Sailing To Zanzibar [Extract]

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20th January, 1990

I think evening must be the loveliest time here. Yesterday, after we arrived and had rested for while, we walked through the old town to the seashore. There are about twenty of us in the tour group. Beyond the harbour wall the sea rose up to the horizon just like a great peacock's tail, fanning and swaying, turquoise and violet. Along the waterfront the local men were preparing food for the evening meal — the whole town seemed to be gathering there to eat. We watched as they crushed long sugar canes in ancient mangles, squeezing out colourless sweet juice (we tried some, and it was delicious) or fried octopus and squid (we didn’t dare try these!) in shallow wide pans, slicing strange-shaped vegetables and fruits into the oil. The scent of wood-smoke and spices drifted round us.

Boys ran shouting and laughing, diving from the wall into the water, and their heads appeared again like currants, bobbing and dipping at the surface. Then the sun seemed to fall, quite suddenly, rather than to set in a calm and sedate fashion, as it does in England. It burned a path downwards to the sea, and somehow it was like a great tragedy that everyone watched, from the shore, or from their balconies, as if it were happening on a wide stage.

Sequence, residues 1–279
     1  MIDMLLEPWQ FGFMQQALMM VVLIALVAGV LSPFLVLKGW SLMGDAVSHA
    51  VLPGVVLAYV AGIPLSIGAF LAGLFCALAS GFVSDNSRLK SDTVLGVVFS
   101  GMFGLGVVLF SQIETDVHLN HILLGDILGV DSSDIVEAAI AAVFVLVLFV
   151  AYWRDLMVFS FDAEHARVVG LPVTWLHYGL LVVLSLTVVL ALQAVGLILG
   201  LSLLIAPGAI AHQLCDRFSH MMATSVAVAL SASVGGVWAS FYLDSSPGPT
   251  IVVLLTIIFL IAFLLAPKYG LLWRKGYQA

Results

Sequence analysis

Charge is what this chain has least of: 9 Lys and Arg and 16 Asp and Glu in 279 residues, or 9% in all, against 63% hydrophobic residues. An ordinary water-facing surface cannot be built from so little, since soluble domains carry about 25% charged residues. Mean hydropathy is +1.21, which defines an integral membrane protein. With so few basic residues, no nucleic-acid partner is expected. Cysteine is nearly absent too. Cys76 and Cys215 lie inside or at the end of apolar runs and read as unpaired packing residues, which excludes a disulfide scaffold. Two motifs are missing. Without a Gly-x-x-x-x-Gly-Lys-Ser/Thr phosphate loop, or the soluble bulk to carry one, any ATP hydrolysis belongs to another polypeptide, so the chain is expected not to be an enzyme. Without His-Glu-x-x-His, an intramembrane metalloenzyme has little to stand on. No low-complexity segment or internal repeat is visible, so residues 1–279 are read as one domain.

The sky was golden and scarlet beyond the palm trees. Far out to sea, a sail appeared at the horizon and turned in to harbour, its spar slanting, moving quickly on the last wind.

Then the colour disappeared all at once, and it was night.

January, 2008

Gwen stands in her narrow hallway, steadying herself for the difficult climb. In the darkness, the familiar surfaces and spaces of the daytime have become a labyrinth of shadows that move unpredictably as wild creatures.

Since her illness, her balance has become unsteady, her sight and her hearing are weaker. Sensations within her body have become confused with those beyond it, so that she feels she is crumbling into the world around her.

With painful fingers she touches the night-time switches once more, the locks and chains and bolts, all the little devices for her safety. She moves slowly along the hall.

24th January, 1990